Just before Christmas — or was it just after? —our microwave broke. Actually, I'm not sure it was broken, but it made a big spark and that was enough for me. We paid around $60 for it nearly nine years ago, so we've gotten our money's worth. We never had a microwave before we moved to this house, and we managed just fine, but I sure have gotten used to the convenience. So I've had to make a few changes since the death of the microwave.
I used my microwave for convenience. It thaws things and reheats things quickly and I don't have to use a spare container to do it, which means less dish washing. With a little planning, almost anything can be thawed in the fridge (if there is a risk of spoiling) or on the counter (if it's bread or pastry). But I don't always plan ahead.
- Frozen bread: Remember those bagels I ordered for Christmas? I froze most of them. (Hey, the shipping was so expensive, I had to make it worth it by stockpiling!) I had forgotten how we did things when I was a child. Heating frozen bread, wrapped in tinfoil, in a 350° oven, is the thawing method most likely to make bread taste fresh-baked, and one bagel only takes about ten minutes, enough time for my coffee to brew and for me to grab a quick shower. My fancy bagels taste almost just like they did when I bought them at the bakery, right out of the oven.
- Coffee: I'm one of those gross people who reheats coffee in the microwave, then heats it again when I forget about it and find it in the microwave, cold, hours later. You know what? Pouring it into a pot on the stove works just as well. I am considering getting one of those mug warming plates to eliminate the need for re-heating.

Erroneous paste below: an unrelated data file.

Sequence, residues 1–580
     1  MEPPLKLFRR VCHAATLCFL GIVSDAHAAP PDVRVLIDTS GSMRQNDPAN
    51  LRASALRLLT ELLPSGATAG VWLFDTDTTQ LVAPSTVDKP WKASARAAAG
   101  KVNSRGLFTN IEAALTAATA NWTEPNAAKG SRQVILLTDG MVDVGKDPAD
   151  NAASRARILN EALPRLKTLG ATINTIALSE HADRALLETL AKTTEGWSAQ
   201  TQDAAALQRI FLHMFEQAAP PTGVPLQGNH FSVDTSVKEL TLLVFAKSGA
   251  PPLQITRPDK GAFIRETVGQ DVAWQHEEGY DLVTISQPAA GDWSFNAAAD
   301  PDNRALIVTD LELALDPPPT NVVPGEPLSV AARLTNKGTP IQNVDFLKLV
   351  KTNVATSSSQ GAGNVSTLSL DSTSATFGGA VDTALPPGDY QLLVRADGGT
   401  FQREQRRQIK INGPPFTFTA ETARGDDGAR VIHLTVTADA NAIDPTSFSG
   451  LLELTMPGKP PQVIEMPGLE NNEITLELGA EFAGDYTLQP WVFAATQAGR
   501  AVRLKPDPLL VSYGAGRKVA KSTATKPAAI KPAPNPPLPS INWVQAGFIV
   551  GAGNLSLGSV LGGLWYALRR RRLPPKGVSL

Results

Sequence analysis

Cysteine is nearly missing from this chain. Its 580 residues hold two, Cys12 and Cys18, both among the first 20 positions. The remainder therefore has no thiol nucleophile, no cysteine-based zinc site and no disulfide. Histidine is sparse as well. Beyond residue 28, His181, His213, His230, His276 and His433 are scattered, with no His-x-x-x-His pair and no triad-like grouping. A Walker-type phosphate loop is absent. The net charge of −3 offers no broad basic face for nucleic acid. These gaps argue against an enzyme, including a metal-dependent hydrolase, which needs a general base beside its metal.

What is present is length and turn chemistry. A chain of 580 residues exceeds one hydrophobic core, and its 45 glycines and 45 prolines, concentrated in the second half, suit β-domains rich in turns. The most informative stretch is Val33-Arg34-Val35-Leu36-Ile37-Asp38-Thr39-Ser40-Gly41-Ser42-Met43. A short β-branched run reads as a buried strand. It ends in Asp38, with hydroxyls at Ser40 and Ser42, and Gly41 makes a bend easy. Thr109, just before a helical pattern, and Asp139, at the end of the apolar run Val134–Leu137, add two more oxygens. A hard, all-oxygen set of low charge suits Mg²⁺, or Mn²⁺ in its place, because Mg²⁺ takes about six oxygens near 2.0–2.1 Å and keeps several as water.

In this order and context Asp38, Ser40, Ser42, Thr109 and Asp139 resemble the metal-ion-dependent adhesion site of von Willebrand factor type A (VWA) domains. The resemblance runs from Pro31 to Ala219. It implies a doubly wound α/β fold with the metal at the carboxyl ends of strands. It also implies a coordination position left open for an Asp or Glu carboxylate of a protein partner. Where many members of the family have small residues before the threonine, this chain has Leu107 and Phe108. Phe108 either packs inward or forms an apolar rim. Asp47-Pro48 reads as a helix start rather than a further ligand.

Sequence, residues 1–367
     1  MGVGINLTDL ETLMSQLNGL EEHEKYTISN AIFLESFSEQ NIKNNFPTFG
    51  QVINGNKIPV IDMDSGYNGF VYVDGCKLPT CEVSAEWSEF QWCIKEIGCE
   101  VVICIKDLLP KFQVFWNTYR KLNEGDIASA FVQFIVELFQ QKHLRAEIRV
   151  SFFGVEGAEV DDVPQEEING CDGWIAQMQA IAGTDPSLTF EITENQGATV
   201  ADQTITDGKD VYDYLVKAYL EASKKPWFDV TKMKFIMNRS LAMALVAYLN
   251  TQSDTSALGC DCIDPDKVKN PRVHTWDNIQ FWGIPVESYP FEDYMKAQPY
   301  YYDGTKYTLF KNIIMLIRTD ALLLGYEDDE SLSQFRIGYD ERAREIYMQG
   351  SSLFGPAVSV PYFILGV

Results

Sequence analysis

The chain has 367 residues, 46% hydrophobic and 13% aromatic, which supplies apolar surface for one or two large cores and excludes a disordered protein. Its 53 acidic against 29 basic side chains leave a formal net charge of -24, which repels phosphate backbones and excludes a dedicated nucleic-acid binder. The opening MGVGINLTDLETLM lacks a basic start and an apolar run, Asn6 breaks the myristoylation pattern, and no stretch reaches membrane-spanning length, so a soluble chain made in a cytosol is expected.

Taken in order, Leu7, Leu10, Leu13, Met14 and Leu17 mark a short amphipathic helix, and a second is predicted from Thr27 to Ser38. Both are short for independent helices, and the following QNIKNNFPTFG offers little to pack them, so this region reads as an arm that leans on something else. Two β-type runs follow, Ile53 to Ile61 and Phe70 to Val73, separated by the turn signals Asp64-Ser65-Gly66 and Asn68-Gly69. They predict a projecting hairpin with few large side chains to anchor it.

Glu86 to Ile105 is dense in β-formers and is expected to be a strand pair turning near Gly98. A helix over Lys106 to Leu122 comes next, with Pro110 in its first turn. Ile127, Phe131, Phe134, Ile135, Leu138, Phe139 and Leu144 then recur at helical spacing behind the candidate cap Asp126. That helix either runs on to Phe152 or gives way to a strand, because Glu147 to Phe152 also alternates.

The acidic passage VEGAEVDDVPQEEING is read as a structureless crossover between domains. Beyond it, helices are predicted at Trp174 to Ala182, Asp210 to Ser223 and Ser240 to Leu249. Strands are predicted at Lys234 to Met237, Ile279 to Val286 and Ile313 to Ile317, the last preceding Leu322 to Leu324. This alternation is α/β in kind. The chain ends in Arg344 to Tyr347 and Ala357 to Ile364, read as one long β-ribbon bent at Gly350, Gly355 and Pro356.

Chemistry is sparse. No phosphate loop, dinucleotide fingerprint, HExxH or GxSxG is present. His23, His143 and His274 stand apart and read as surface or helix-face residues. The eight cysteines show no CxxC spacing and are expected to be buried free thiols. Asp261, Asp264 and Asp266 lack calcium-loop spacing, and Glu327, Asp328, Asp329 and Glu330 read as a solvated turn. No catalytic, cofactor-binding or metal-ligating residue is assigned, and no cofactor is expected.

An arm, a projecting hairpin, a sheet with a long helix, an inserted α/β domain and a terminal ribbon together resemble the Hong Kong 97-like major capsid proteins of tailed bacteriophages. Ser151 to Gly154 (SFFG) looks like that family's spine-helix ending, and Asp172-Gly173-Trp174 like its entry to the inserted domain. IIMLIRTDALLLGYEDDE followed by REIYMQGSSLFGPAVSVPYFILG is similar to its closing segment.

- Tea: I also developed the lazy habit of making hot tea in the microwave. Seriously? It takes about the same amount of time to heat water on the stove.
- Melting things like butter and chocolate: Melting things is easy on the stove. I don't even have a double boiler. I just put the butter in a Pyrex measuring cup and sit it in a pot of boiling water.
- Frozen meat: The biggest inconvenience has been thawing meat. If I were only more organized, I would pull the meat from the freezer the night before and let it thaw in the fridge. But that takes forever, and I am not organized. I prefer my mother's method; she put it in the sink with water, changing the water as it got cold if she was in a particular hurry. I even found some weight and time guidelines on amazingribs.com.
→ Thaw Meat Safely: The Best Way to Quickly and Safely Thaw Frozen Meat
I can't think of a reason we have to have a microwave. It's been a month and we're doing just fine. Also, in a kitchen without much storage space, I'm thrilled to have that extra shelf. So far, it only holds my fancy plastic wrap and a piece of artwork by my youngest son.
Please share any tips you have for living without a microwave. I've forgotten what it was like without one!
(Image credits: Anne Wolfe Postic)